Page 117

Murphy, 1988) and, in transportation, the decision on how much to invest in snow removal equipment (Howe and Cochrane, 1976).

The two crop choice studies cited above (Tice and Clouser, 1982; Adams et al., 1995) are illustrative of the issues concerning rational expectations raised by Johnson and Holt (1997). Tice and Clouser (1982) examined the use of a seasonal climate forecast by a farmer to determine relative area planted to corn versus soybeans. The forecast was assumed to be perfectly accurate. Two allocations of crops are computed by using historical climatic averages and by using forecast information. The simple arithmetic difference between average net revenues per hectare using climatic averages and that dictated by the forecast was computed. Use of the forecast to allocate areas planted in corn and soybeans was shown to increase revenues by $3.65 per hectare per year beyond revenues using historical climate.

Adams et al. (1995) investigated the use of climate forecasts to determine allocations of areas planted to cotton, corn, sorghum and soybeans in the southeastern United States. The chief difference between their study and that of Tice and Clouser (1982) was that they computed forecast value in terms of total net social welfare (combined producer and consumer surplus) for the nation rather than revenues for the individual farmer. Using a general equilibrium economic model, they computed welfare using forecast-assisted crop allocations under an assumption that all southeastern farmers would plant accordingly. Furthermore, they explicitly considered the case in which forecast accuracy is imperfect. They found that the use of a perfect forecast increased social welfare by $145 to $265 million per year. The use of an imperfect (though still skillful) forecast increased welfare by $96 to $130 million per year.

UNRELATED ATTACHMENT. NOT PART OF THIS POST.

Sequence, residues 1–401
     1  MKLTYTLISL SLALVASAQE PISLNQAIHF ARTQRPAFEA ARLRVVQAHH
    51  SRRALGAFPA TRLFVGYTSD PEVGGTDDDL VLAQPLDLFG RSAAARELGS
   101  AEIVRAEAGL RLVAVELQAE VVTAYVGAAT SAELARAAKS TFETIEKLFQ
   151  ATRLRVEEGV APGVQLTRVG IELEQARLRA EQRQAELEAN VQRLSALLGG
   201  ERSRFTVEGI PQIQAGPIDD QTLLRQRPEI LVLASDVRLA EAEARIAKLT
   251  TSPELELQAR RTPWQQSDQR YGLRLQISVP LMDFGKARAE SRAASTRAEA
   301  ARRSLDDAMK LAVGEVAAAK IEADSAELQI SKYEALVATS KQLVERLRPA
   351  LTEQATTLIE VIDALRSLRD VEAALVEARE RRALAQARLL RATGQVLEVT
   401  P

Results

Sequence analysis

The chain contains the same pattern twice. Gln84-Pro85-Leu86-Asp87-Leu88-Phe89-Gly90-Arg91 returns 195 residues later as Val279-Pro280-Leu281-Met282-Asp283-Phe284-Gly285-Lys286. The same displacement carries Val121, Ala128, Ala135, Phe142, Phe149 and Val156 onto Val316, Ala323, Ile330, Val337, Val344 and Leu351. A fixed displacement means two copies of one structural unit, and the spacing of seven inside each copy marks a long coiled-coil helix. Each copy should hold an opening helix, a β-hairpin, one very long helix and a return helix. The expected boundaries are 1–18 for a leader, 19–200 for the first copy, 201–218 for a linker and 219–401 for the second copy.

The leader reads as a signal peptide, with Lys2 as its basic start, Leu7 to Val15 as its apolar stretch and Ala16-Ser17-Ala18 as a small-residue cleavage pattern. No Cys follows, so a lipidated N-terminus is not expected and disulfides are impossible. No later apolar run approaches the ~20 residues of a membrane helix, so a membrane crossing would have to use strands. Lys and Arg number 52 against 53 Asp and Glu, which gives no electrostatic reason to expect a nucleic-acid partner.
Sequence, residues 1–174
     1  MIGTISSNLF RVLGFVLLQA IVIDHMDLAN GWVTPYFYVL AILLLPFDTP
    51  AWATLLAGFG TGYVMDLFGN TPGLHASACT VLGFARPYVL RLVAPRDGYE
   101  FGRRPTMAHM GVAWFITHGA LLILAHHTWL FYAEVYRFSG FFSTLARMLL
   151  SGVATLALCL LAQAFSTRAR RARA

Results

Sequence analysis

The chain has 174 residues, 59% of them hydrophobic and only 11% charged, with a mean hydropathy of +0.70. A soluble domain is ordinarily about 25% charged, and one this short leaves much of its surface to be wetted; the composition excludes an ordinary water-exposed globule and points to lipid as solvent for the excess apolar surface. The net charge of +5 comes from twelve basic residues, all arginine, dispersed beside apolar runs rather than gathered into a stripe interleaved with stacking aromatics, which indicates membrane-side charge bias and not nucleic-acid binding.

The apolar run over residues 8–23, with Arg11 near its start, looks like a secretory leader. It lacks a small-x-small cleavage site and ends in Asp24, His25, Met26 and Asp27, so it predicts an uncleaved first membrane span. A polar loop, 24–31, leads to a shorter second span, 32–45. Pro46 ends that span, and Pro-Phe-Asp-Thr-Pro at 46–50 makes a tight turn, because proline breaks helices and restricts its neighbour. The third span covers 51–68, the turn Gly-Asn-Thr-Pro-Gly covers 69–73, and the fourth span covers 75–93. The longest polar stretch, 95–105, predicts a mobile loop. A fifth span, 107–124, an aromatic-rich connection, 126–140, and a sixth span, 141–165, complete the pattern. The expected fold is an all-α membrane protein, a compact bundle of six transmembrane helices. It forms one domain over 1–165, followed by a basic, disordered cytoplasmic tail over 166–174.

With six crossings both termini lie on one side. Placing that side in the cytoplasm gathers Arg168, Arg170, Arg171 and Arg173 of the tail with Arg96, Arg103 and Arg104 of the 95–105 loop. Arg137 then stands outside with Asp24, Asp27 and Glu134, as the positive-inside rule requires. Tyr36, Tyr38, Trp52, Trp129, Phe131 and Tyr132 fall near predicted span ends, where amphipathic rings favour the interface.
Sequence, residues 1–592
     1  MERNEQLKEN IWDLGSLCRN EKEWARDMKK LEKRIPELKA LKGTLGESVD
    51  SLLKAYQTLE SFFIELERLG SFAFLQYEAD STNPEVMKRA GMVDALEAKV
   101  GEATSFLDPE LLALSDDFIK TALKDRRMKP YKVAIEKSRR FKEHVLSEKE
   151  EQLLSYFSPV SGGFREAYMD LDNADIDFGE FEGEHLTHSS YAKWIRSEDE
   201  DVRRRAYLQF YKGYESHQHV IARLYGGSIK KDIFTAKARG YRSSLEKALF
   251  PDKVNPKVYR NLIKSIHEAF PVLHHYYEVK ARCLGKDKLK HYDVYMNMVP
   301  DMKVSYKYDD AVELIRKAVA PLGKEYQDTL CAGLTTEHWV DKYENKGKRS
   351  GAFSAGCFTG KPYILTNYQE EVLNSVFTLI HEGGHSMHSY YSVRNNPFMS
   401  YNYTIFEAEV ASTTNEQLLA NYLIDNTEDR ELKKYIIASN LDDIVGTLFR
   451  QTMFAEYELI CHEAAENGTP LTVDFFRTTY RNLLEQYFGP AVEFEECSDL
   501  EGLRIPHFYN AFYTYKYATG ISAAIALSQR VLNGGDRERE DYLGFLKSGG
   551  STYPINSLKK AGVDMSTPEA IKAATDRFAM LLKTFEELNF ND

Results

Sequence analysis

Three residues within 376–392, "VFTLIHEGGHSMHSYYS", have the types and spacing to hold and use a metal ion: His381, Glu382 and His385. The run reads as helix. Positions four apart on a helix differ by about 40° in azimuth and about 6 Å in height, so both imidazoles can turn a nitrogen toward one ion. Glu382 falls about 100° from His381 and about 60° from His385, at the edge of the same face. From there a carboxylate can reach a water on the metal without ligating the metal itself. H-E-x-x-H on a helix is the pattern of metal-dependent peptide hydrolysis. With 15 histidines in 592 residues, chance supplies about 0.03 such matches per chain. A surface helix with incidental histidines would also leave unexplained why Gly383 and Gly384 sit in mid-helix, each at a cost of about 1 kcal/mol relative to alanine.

Several research problems remain unsolved for Bayesian decision theory applications to climate forecasts. These applications do not address how forecast information available in an invariant, and possibly irrelevant, format is made relevant and incorporated into individual decision makers' information requirements, which differ considerably from one decision maker to the next. They do not adequately explore the possibility that decision makers' utility functions are nonlinear. Most applications do not estimate the distributional effects of the use of forecasts (i.e., winners versus losers). Finally, the lack of data and empirical techniques for clearly valuing forecasts precludes the testing of Bayesian models against the real world.

Challenges in Estimating the Value of Forecasts

There remain some significant challenges in applying the general concept of the value of forecasts. One is in addressing the imperfections in

The National Academies | 500 Fifth St. N.W. | Washington, D.C. 20001
Copyright © National Academy of Sciences. All rights reserved.
Terms of Use and Privacy Statement